Cyber Intelligence Weekly

Cyber Intelligence Weekly (June 19, 2022): Our Take on Three Things You Need to Know

Welcome to our weekly post where I will be sharing some of the major developments on the future of cybersecurity that you need to know about. Make sure to follow my LinkedIn page as well as Echelon’s LinkedIn page to receive updates on the future of cybersecurity!

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Before we get started on this week’s CIW, I’d like to highlight the great work that our offensive security team has been doing around tool development. Check out all of our open source tooling here, we’ve got MFA bypass tools galore, as well as phishing toolkits and more. If you have any questions about any of our published tools and how to use them, feel free to reach out and let us know.

Offensive Security Tools

Away we go!

1. L3Harris Technologies in Talks to Buy NSO Groups Hacking Tools

The NSO’s Group Pegasus hacking software is apparently in hot demand, from one of the largest US defense contractors nonetheless, L3Harris Technologies. This would theoretically give a U.S. based company control over one of the world’s most potent hacking technologies. We’ve written about Pegasus countless times in our CIW column. It has become infamous for its ability to hack into a target’s mobile phone with ease.

The Pegasus software has been so controversial that it has become a target itself for other reasons, mainly drawing attention from human rights groups as well as the US government. Earlier this year, the US Commerce Department put the NSO Group, the maker of the Pegasus tool, on its export blacklist, effectively banning any US companies from using the hacking toolset.

The Washington Post reported last week that the Biden administration is concerned about the potential deal. Per the WaPo article, neither L3Harris or NSO chose to comment on the matter specifically. Many are worried about the privacy related consequences of this type of tool after such a transaction. L3Harris is a public company, obviously concerned about their bottom line, they aren’t going to let a tool like this sit on the shelf. There is concern that the tool could be used in public policing efforts as well as the potential for private misuse. This is a potential transaction worth tracking.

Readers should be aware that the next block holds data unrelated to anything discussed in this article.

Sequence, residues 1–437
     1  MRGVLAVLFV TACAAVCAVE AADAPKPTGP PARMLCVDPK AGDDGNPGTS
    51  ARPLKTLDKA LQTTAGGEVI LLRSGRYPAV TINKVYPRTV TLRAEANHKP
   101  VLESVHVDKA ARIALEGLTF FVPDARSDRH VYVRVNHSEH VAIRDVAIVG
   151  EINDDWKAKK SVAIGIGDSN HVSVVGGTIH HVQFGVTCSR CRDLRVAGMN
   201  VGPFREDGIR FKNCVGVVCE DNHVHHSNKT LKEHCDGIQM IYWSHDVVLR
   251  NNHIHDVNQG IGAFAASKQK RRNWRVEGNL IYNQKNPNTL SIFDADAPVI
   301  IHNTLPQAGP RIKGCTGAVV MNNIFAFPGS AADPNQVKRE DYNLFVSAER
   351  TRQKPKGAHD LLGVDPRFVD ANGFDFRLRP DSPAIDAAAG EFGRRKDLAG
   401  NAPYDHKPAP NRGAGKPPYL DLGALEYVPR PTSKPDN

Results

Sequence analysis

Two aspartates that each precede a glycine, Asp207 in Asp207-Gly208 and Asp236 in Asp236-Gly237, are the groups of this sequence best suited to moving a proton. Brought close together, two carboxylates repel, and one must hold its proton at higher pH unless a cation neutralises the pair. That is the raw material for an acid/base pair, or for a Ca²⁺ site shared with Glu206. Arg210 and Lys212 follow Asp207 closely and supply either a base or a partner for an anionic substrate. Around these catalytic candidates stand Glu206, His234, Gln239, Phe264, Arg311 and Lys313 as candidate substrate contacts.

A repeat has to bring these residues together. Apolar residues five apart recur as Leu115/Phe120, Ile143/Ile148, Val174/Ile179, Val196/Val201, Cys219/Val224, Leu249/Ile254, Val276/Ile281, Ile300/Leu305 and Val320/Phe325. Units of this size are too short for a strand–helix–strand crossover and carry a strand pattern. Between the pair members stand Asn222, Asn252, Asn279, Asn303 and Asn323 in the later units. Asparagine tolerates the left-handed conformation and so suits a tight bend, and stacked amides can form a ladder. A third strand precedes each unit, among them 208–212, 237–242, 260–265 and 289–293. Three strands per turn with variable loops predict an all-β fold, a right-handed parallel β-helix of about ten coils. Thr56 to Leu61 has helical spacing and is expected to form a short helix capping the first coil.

2. Actively Exploited Follina Vulnerability Finally Addressed in Latest Windows CU

As we have been reporting on for weeks, a severe zero-day has been actively exploited in the wild against companies across the globe. This vulnerability, dubbed ‘Follina’ by the security community, has been the ire of many for weeks. Companies have been installing workarounds or tweaking other defenses to account for these open gaps.

Actively Exploited Follina Vulnerability Finally Addressed in Latest Windows CU

The security hole is related to the Microsoft Support Diagnostic Tool (MSDT), and it has been impacting nearly every modern version of Windows and researchers have confirmed that exploitation works against most versions of Office.

The update, released this past Tuesday (Patch Tuesday), is part of the overall Cumulative Update as it is called in Microsoft speak. Microsoft noted in its advisory on June 14th, “The update for this vulnerability is in the June 2022 cumulative Windows Updates. Microsoft strongly recommends that customers install the updates to be fully protected from the vulnerability. Customers whose systems are configured to receive automatic updates do not need to take any further action.

3. Hacked Email Account Potentially Led to Breach at Kaiser Permanente

Earlier this month Kaiser Permanente, the largest non-profit health plan provider in the United States, released a breach notification stating that there was protected health information potentially exposed that included first and last name, medical record number, dates of service, and laboratory test result information.

Hacked Email Account Potentially Led to Breach at Kaiser Permanente

The notice from Kaiser Permanente suggested that the threat actor had access to an employee’s emails and that the employee would received additional cybersecurity training. Per a breach notification on Health and Human Services Office of Civil Rights website, some 69,589 records were involved in the breach.

Coming from personal experience, the issues of sensitive unstructured data and structured data floating around email and other places it shouldn’t be is very real. We’ve been testing some email security products that protect sensitive data within emails at rest, adding an extra layer of authentication to be able to access the data. Having these types of controls in place can ensure organizations don’t wind up on the breach notification list. Let us know if you’d like to learn more.

Thanks for reading!

About us: Echelon is a full-service cybersecurity consultancy that offers wholistic cybersecurity program building through vCISO or more specific solutions like penetration testing, red teaming, security engineering, cybersecurity compliance, and much more! Learn more about Echelon here:

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